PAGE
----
7 Years of Building: Products, A Team, A Company, And Myself

A little over seven years ago, I started a business doing what I love — building apps. It started small. $50 WordPress project on Craigslist small. I didn’t know then that this dream of mine, building things, would turn into my life’s work.

Over the years I’ve spent building this company, I’ve learned by watching, reading and talking — but mainly by doing. By doing I mean burning my hand on all of the entrepreneurial hot stoves until I got things (mostly) right. I want to leave you with some lessons I’ve taken away in my seven years of blood, sweat, and tears at Rose. I hope something here inspires the next entrepreneur on the brink of something great.

You can’t survive the long desert of toiling for years unless you love what you’re doing. If you’re going to dedicate years of your life to something, you had better be sure you love it. You also have to be honest with yourself. If you fall out of love with what you’re doing, there is no shame in cutting losses and doing what you need to do to feel happy and be fulfilled.There have been times I wondered what I was doing and whether it was worth it, but I always returned to the tech and why I got started in the first place.

During the growth curve of Rose, there isn’t a job I haven’t done or a hat I haven’t worn. That wasn’t always for the best. As the firm grew so did my “job description.” I became manager, HR Supervisor, Salesperson, Lead Engineer, Design Director, Chief Snack Selector, Janitor, and a million other roles in between. While that ethic of being willing to be flexible with what your “job” is on any given day is important; what I realized quickly is that by being a jack of all trades, I was a master of none. As a founder it can be hard to delegate and even harder to admit that you don’t know what you don’t know. Focusing the scope of your role as a founder and executive is key to the success of any endeavor.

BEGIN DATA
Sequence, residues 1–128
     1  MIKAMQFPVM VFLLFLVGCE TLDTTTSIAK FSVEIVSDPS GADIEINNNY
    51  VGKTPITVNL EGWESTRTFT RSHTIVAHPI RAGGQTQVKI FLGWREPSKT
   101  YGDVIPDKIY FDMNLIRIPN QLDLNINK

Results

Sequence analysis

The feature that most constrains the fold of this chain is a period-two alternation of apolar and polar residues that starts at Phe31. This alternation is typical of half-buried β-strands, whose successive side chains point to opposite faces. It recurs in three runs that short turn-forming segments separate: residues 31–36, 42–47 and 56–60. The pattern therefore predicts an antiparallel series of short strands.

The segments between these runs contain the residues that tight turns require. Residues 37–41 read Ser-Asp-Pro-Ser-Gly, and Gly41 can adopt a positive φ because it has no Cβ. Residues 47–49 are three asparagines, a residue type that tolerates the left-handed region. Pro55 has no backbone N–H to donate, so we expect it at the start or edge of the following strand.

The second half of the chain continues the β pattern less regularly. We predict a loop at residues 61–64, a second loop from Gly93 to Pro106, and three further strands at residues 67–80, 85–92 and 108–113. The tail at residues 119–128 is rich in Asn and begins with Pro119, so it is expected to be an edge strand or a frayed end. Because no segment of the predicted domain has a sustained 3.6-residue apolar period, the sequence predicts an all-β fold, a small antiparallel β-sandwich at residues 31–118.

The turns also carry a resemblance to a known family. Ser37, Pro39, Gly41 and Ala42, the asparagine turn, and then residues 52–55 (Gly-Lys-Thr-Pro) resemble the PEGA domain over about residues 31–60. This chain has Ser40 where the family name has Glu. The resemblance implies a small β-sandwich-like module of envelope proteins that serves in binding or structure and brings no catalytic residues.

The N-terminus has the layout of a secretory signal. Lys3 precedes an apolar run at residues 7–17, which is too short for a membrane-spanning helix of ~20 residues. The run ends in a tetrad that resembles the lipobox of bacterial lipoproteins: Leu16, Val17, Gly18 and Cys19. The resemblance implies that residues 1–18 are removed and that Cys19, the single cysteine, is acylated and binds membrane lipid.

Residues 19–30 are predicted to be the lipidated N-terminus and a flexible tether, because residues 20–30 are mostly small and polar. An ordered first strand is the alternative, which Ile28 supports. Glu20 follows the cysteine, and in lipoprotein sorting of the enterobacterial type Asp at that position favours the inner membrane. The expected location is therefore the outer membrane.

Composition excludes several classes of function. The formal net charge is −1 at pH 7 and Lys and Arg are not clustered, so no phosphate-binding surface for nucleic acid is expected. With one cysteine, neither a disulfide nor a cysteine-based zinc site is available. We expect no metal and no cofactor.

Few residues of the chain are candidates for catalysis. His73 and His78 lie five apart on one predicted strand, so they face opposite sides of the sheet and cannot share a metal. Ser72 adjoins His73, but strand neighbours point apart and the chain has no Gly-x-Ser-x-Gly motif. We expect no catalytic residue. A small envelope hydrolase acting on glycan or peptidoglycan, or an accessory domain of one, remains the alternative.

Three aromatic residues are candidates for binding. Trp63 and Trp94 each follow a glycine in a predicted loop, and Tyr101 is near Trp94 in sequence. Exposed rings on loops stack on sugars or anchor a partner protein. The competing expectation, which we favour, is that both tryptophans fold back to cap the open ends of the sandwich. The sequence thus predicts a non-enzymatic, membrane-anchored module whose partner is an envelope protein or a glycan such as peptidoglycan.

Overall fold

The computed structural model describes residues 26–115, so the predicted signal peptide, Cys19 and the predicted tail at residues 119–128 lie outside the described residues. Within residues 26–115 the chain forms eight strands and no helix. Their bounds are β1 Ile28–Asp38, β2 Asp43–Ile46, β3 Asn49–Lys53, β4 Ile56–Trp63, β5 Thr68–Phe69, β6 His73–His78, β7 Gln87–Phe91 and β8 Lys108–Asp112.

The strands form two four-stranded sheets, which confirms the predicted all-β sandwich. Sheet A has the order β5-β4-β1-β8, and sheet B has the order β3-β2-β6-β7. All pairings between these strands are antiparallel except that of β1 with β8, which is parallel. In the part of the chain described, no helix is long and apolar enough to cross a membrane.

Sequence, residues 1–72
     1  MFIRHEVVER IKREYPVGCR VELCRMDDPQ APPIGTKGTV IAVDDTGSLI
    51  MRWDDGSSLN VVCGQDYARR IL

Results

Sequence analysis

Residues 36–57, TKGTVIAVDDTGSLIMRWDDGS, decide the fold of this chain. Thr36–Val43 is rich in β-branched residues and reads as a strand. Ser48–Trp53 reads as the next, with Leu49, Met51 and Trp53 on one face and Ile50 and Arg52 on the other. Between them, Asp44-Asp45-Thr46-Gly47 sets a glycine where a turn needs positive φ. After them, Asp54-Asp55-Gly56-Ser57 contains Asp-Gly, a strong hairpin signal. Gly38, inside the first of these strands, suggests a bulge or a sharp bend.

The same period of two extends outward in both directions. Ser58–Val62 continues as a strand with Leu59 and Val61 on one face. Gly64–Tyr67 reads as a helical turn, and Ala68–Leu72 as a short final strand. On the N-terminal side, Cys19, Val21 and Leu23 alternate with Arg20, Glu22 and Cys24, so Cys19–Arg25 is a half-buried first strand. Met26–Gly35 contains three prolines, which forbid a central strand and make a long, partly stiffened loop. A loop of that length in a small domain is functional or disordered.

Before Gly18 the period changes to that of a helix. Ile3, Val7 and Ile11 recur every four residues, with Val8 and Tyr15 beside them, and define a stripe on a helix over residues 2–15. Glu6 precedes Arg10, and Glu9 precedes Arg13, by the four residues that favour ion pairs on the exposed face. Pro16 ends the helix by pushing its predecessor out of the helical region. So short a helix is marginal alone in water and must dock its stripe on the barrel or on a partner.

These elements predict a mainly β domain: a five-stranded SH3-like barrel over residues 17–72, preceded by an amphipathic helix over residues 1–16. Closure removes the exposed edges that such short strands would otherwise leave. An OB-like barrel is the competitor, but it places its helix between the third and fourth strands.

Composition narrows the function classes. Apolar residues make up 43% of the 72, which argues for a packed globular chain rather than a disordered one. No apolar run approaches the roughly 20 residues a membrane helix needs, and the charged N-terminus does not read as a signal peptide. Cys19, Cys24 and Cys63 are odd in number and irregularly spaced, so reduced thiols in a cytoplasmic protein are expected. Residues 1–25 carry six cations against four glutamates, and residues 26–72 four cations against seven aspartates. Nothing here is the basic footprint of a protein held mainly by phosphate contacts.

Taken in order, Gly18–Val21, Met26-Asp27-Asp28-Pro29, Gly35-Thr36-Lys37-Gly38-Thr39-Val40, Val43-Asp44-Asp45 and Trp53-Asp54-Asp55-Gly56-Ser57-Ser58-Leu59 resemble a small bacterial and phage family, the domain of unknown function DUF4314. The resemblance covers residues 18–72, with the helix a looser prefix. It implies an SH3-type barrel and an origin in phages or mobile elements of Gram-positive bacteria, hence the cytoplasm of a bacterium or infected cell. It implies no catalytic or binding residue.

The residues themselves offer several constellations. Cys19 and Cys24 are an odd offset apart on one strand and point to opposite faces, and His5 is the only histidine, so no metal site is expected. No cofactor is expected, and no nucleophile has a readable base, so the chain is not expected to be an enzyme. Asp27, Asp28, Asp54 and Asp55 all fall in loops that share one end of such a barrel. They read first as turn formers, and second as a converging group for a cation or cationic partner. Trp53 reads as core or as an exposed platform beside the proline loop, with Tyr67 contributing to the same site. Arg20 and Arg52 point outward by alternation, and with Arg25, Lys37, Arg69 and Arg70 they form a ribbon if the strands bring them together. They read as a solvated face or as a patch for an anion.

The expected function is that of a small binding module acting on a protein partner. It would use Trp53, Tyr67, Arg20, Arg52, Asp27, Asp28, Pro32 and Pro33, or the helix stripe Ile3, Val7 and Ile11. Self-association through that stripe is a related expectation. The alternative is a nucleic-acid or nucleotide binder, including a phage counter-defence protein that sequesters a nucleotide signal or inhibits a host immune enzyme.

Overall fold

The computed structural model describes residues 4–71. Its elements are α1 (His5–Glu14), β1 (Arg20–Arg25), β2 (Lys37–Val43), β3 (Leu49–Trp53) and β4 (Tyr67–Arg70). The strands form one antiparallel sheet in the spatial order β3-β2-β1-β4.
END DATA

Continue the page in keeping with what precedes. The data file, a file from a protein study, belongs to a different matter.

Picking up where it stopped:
This one is simple. You have to hire the best people you can find. They will make your life easier and your company better. The trick is knowing how to find and evaluate people and there is no easy way to do that because the target keeps moving at fast-growing companies. The right person for a job at 5 people might not be the right person for the job at 15. I’ve found that finding sharp people who are ‘roll up your sleeves’ type folks can roll with the punches and adapt to fast-changing times.

The first few years of my business I always felt like I was the kid in a room full of adults. This pushed me, but didn’t make certain conversations any easier. Learning how to not be hesitant to send invoices and having hard client conversations had to be done because my company was worthy of the work we were winning. Once you’re in the room, nothing else matters. You are in the room for a reason and you have to own that and take any opportunity that comes your way.

Becoming happens somewhere in the process of doing. The doubts about whether success will come, or the doubts about whether you’re good enough, in those moments is where you find yourself and your business. There were many late nights, hard decisions, failures, and successes in the last seven years, but I would not choose to change any of it.

Infrastructure Older Than You Is Powering Your Remote Work

American productivity is being saved by smart architecture-is your internal infrastructure up to par?

Vinton Gray Serf is an internet pioneer and often referred to as one of the “fathers of the internet”

Remote work is a decidedly modern phenomena, especially in the scale it currently exists. It was not planned for. as black swan events cannot be. As COVID-19 swept the country and one by one governors and mayors ordered non-essential employees to go home and shelter in place. As a result, hundreds of companies scrambled to become enabled for remote work. America went from a country where only 45% of businesses had formal remote work policies to 100% remote in about two seconds flat. The transition could have been significantly rockier. While you might hear of companies who had to purchase millions of dollars of laptops, IT departments flooded with helpdesk tickets from people who had never accessed VPN, concerns about the security of video conferencing systems or the challenges of balancing a full house with a full time job. One thing you’re not hearing? Connectivity issues.